The essential question this unit will attempt to answer is: why do we behave the way do at any particular time? Focusing on buying things seems like a great avenue to take to get to an answer to that question. The consumer-based world that my students live in, often make them feel as if they are not as cool or less cool then everyone else if they do not own the new "best thing." There is a constant feeling that if the hat or jeans you are wearing are not new, then that fact makes you an outcast. As a result of participating in this unit, students will gain an understanding of this phenomenon and its implications for themselves and others. My students will also have an understanding of how advertisements appear to attack their emotions and motivations in order to modify their behavior. In addition students will study both physical and social motivations, and how they may cause distress in their lives. The more important thing that will be discussed is how we can rise above the connections between our happiness and our things. The concluding question that their essay will answer is, did the things you purchased make you happier or a more balanced person because you purchased them? Finally we will discuss the students awareness of prioritizing the things in their lives, in a very specific way. The essay will give students a chance to examine their personal economic choices and what kinds of implications that they can have for their future.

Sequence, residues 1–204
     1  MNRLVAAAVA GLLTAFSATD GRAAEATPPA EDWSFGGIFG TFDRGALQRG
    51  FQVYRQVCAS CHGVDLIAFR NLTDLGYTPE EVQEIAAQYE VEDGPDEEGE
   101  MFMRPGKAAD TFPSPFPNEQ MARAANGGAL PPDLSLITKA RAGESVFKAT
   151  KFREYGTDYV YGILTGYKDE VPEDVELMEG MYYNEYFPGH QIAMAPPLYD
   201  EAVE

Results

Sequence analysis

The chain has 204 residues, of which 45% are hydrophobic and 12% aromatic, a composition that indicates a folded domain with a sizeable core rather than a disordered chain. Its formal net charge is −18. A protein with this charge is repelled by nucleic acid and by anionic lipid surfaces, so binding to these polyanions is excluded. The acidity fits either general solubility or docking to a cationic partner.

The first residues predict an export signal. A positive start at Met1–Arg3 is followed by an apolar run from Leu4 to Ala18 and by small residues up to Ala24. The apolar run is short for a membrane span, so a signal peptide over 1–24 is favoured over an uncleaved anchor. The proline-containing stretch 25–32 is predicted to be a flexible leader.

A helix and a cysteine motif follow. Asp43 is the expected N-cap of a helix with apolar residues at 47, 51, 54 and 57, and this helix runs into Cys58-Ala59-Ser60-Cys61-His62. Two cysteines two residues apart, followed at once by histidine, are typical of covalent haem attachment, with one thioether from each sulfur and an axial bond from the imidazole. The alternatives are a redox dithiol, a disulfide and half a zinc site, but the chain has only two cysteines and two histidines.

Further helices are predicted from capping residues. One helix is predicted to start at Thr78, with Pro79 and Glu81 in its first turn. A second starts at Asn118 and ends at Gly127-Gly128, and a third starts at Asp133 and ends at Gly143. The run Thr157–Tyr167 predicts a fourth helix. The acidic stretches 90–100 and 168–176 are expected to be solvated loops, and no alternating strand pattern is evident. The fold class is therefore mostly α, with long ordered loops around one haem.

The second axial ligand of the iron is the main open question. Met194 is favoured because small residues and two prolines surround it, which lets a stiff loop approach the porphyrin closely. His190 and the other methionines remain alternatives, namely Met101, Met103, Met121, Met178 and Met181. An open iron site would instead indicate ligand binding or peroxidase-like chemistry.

This unit will be taught over a one to two week period. The first lessons will focus on The Merchants of Cool documentary and the reading of selections from Malcolm Gladwell's The Cool Hunt. The lessons will include viewing the video online and reacting to it with journals, and structured discussions. The next few lessons will provide some of the background information necessary; this includes the biological causes of motivation, the social foundations of motivation, the physiological and cognitive theories of emotion, drive reduction theory and the criticisms of it, as well as Maslow's hierarchy of needs, and the James-Lange theory of emotion. Students will explore this information by reading the text book, taking notes, participating in teacher-less discussions, and classroom activities. In the last week students will synthesize all of this information, along with their personal experience into an academic essay explaining how they fit into their own economic world through a dissection of their own purchasing decisions. In this week the students will also participate in group discussions about their purchasing decisions, as well as about the format of the essay. At the end of the week they will participate in a writer's workshop where they edit each other's work.
At the conclusion of this unit students will have a mastery of both psychological motivation and emotion, as well as a sense of how they each fits into his or her own economic world. This exercise will help them in making decisions later in life when they find themselves in a personal crisis about finance, emotions, or motivation. They can lean on some of the things learned here about how to spend and save money.